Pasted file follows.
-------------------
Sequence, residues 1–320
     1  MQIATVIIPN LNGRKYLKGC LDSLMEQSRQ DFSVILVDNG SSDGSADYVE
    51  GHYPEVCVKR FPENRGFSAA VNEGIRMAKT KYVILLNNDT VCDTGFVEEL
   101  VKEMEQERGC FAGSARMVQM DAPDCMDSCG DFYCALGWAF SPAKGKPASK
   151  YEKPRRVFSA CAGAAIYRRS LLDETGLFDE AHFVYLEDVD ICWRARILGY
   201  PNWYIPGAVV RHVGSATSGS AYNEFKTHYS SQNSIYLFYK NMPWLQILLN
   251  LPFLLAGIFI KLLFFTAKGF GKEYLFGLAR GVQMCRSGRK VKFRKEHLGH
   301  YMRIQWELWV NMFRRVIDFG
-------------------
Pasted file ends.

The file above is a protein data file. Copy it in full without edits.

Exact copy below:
Sequence, residues 1–320
     1  MQIATVIIPN LNGRKYLKGC LDSLMEQSRQ DFSVILVDNG SSDGSADYVE
    51  GHYPEVCVKR FPENRGFSAA VNEGIRMAKT KYVILLNNDT VCDTGFVEEL
   101  VKEMEQERGC FAGSARMVQM DAPDCMDSCG DFYCALGWAF SPAKGKPASK
   151  YEKPRRVFSA CAGAAIYRRS LLDETGLFDE AHFVYLEDVD ICWRARILGY
   201  PNWYIPGAVV RHVGSATSGS AYNEFKTHYS SQNSIYLFYK NMPWLQILLN
   251  LPFLLAGIFI KLLFFTAKGF GKEYLFGLAR GVQMCRSGRK VKFRKEHLGH
   301  YMRIQWELWV NMFRRVIDFG